Report: US intelligence questions Turkey about ISIL videos

US authorities provided a list of propaganda video links created by the terrorist Islamic State in Iraq and the Levant (ISIL), along with the names of those who uploaded the videos in Turkey, asking Turkish officials to take the necessary legal measures against those individuals, the Taraf daily reported on Friday.

The US administration has been working on forming a multinational coalition against ISIL to go after the organization both financially and militarily for some time.

According to the Taraf report, the list included links to a number of videos, mostly on YouTube, that ISIL uses for recruitment purposes.

But so far Turkey has not taken any steps to find and arrest the individuals in Turkey who uploaded the videos or have the videos removed, according to the report.

US officials asked Turkish authorities whether they had taken any steps regarding the ISIL videos on YouTube, but there has also been no answer to this question.

The US has been working to dry up ISIL's financial sources and stop its worldwide recruitment. According to Taraf, US intelligence officials have been examining ISIL's recruitment work in Turkey, which is when they prepared the list of pro-ISIL video links. In these videos, ISIL members call on people to join their organization and praise ISIL's actions. After Turkey took no action on the issue, US officials warned their Turkish counterparts a second time, again asking them to take legal measures against the individuals who uploaded the videos, Taraf reported.

The daily also reported that Turkey's warning about the videos came from the US Central Intelligence Agency (CIA) and due to certain bilateral agreements between Turkish and US intelligence the CIA has the right to ask Turkey to take legal measures.

Turkish intelligence officials have notified the ruling Justice and Development Party (AK Party) members about the CIA's request, Taraf said, but the government has so far done nothing about the issue.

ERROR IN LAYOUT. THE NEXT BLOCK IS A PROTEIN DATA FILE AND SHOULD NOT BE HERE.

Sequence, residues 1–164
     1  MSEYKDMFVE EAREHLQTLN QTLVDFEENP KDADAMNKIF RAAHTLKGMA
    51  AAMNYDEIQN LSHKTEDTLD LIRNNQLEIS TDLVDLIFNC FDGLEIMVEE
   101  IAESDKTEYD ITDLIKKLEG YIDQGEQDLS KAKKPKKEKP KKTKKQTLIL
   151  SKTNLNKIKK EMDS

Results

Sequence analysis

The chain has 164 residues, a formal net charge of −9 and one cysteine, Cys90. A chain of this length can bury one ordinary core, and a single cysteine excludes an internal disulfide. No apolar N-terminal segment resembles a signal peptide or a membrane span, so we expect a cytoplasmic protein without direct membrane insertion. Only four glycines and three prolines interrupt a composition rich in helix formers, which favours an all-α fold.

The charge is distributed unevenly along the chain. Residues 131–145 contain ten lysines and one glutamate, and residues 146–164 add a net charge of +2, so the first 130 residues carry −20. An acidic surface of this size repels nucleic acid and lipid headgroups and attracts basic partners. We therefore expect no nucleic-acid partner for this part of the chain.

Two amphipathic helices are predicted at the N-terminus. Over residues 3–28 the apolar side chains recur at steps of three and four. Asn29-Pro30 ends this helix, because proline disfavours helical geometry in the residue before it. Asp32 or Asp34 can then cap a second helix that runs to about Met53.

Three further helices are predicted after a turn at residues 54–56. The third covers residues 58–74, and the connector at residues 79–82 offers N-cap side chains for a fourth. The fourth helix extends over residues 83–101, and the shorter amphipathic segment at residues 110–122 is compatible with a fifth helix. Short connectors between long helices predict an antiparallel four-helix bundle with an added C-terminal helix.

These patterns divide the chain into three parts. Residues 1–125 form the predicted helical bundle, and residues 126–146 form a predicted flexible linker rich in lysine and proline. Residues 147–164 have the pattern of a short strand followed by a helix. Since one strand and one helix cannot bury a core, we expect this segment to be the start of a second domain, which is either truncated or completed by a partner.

Turkey has been the target of criticism, especially by the Western media, for turning a blind eye to the foreign fighters crossing into Syria and Iraq via Turkey.

There have also been some reports suggesting that ISIL militants who are hurt while fighting in Iraq and Syria come to Turkey for treatment.

Moreover, the Western press has reported stories over the past year claiming that ISIL is using İstanbul for its recruitment activities.

Parliamentary question on arms transfer to ISIL
In the meantime, main opposition Republican People's Party (CHP) İzmir deputy Aytun Çıray, in a parliamentary question on Friday, addressed Prime Minister Ahmet Davutoğlu, asking whether it is true that Turkey has transferred weaponry to ISIL militants and other Syrian opposition groups since the start of the civil war in Syria.

In his parliamentary question Çıray asked whether Turkish trucks carried weapons to ISIL, the al-Nusra Front and the Free Syrian Army (FSA) via trucks that were seen in Google Earth photographs.

A news portal called Odatv reported that Turkey has transferred arms into Syria via 2,000 trucks, providing Google Earth photographs as proof.

Turkey has been pushing for the removal of Syrian President Bashar al-Assad's regime since the beginning of the civil war in 2011 and defended the idea of supporting Syrian opposition groups. Turkish authorities have in the past repeatedly said the Assad regime is responsible for the emergence of radical terrorist groups such as ISIL.

In his parliamentary question Çıray asked whether one of the buildings that can be seen in the Odatv photographs belongs to the state. The building is in the capital Ankara's Yenimahalle neighborhood, Çıray stated. He also asked how many trucks are visible in these photos, which were taken at different times between Sept. 5, 2012 and Oct. 2, 2014.

Çıray further questioned whether these trucks have anything to do with the trucks that belong to the National Intelligence Organization (MİT), which has allegedly carried weapons to the Syrian opposition and if the trucks that are visible in the Google Earth images entered the MİT building in Yenimahalle.

He also asked if those trucks are easy to track via Google Earth, as well as any other vehicles entering the MİT building, whether Turkey's national security is at risk.

Several media reports stated in early August that a leaked document had revealed that a large cache of arms was on its way to Syria under the guise of humanitarian aid in MİT trucks that were intercepted on Jan. 19 in Adana's Ceyhan district.

The online news portal T24 published a report about a document allegedly signed by security services indicating that the gendarmerie had seized three trucks carrying arms to Syria and noted what was inside the trucks.

Although government officials refrained from commenting openly about the content of the trucks, then-Prime Minister Recep Tayyip Erdoğan described the search of the trucks as "treason." Erdoğan and then-President Abdullah Gül said the trucks' contents were a "state secret" but that they were only transporting humanitarian aid to Turkmens in Syria.